I have a different approach which has worked well, and is worth considering.

    When I hear "I'm not looking to spend a lot", the key thing missing is "what is a lot?". For some people saying that, $100 is a lot. For other people, $500 is a lot. And that difference, compounded over numerous customers, is a gigantic difference on your income.

    My interactions go something like this:

    "I'd like to get this framed, and I'm not looking to spend a lot"

    "Great - can do. You mentioned you're not looking at spending a lot. Would you like me to show you the least expensive option, or would you like me to show you reasonably priced options that might have some nuance which works well with your piece?"

    Half the time I hear "Yeah, the least expensive option" and the other half of the time I hear "Oh, I didn't mean the cheapest, I just didn't want one of your really expensive frames". When I am told that second sentence, I say "No worries, I'll keep you away from the hand-carved, real gold frames". I'll also work my way up, and as I show them $350 frames, I'll pull one off the wall and say "This one is a bit more, but its worth considering because the patina has a really subtle muted pewter mixed in the design". If they like it, and it prices out very high, it makes the rest sound even more reasonable.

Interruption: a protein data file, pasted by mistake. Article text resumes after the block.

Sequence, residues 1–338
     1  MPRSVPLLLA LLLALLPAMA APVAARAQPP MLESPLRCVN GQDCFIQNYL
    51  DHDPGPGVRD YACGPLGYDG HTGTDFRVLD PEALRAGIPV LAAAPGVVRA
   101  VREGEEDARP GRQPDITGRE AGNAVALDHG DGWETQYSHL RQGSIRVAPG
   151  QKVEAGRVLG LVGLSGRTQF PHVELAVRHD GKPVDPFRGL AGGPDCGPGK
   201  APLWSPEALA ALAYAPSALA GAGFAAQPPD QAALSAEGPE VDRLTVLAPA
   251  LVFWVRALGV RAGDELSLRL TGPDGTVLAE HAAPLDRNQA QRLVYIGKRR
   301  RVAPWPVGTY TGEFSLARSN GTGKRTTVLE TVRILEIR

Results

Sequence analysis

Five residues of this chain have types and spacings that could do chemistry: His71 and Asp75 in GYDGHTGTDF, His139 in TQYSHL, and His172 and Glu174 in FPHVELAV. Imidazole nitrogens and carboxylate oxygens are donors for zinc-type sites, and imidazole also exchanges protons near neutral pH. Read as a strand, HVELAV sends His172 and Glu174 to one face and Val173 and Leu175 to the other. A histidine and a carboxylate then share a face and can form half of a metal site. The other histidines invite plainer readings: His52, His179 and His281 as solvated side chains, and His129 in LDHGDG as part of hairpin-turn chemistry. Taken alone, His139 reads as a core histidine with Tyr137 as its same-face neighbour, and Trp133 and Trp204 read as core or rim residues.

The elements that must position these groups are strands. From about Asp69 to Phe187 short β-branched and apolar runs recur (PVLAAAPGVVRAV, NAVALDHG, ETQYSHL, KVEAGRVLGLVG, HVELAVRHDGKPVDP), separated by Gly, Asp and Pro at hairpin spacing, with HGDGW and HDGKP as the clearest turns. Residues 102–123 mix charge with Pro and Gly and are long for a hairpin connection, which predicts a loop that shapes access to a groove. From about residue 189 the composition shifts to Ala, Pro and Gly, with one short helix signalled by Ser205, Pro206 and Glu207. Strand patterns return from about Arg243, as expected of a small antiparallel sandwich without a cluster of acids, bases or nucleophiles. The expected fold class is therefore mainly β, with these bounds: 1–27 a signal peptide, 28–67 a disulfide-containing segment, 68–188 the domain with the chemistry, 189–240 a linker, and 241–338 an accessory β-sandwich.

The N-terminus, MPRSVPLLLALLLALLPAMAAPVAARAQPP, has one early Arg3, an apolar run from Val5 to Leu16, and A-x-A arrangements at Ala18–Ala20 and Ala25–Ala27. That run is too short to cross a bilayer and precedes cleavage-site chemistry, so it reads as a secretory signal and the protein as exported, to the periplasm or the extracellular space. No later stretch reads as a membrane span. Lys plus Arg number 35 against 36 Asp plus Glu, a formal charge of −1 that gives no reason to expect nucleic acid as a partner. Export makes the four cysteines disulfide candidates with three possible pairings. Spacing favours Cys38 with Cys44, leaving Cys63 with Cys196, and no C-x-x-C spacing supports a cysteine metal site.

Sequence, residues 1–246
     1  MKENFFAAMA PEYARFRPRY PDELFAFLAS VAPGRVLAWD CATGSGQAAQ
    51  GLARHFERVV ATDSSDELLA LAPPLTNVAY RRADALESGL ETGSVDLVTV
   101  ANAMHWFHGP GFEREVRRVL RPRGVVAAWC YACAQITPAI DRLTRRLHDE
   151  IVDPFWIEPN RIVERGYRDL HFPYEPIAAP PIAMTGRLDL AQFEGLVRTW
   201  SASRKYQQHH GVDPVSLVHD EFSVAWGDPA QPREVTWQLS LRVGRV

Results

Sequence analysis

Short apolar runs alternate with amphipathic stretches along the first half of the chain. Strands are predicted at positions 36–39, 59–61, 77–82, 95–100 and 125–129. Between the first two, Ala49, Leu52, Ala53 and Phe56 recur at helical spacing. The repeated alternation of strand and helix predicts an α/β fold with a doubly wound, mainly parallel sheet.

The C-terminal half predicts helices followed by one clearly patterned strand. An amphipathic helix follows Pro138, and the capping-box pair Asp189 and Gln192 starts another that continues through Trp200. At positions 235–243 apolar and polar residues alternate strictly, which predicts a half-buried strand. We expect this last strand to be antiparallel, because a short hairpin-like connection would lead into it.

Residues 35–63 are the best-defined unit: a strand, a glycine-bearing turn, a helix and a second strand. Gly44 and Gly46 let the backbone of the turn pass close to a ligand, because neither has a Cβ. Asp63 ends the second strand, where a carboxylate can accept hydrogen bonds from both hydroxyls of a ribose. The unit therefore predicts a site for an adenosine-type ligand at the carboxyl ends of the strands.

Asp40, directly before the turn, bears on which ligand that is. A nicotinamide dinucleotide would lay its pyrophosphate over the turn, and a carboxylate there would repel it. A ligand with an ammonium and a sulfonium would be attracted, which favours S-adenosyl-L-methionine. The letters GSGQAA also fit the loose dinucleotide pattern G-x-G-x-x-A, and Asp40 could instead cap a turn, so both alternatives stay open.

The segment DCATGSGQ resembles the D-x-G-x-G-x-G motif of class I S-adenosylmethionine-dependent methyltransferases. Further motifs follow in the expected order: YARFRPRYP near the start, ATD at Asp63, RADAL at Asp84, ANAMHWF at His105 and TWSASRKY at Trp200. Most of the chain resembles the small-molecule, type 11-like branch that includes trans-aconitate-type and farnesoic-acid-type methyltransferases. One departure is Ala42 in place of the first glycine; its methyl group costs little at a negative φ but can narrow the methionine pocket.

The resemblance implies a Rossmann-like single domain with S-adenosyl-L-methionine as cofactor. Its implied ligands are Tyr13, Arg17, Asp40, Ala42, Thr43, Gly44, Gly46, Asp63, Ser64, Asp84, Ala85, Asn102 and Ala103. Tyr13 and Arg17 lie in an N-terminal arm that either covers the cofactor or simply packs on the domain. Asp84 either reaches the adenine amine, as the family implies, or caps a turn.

I have one customer that often brings in watercolors he buys at auction, and he says "Hey, I need this framed and I don't want to spend too much". He's been very happy to spend $650 per piece. So when you're told "I'm not looking to spend a lot", every time, follow up that with the right questions so you best help the customer, and the art. That question will save your staff that "30 minutes" every time.
    Dave, Rick Granick and i-FRAMER like this.
  16. Bob Carter

    Bob Carter SPFG, Supreme Picture Framing God

    i'veused the example a million times but worth repeating

    For most framers one of their most 'expensive' possessions is their car. And when they take that 'valuable' item to get an oil change, they choose a place that is convenient, quick, cheap and probably has a coupon. They tell the person 'just the basic' oil change for advertised $19.95. But, the attendant doing his job tells you about this great product, synthetic oil, for only $79.95 that is so far superior in protecting your 'investment'. And, he's right, of course

    But, how many will say 'no, thanks, i'll stick with basic/inexpensive/cheap option'

    point is consumers generally are pretty similar

    the next step by the Jiffy Lube guy can easily affect your shopping experience and if he thinks the driver is 'crazy' he might need a few lessons on selling

    Sell the benefits, show examples, offer friendly 'advice' and honor the customers wishes

    just like when you say 'no, thanks' to synthetic oil

    BTW I use synthetic oil
  17. i-FRAMER

    i-FRAMER MGF, Master Grumble Framer

    I have another example from an artist this time. Yes an artist who did not want to spend much, can you believe it?
    Anyway, i asked what she wanted to spend she said around $100. I said ok, but for that i am not doing a consult, you will have to trust me, i will frame up it with something i have in stock, it may be discontinued etc, but will do it justice. She agreed.
    Long story short, i got rid of old stock, she entered her artwork in local art show, and won first place.
    Next time she came, she dropped off 2 pieces of artwork and asked for the 'no consult' option.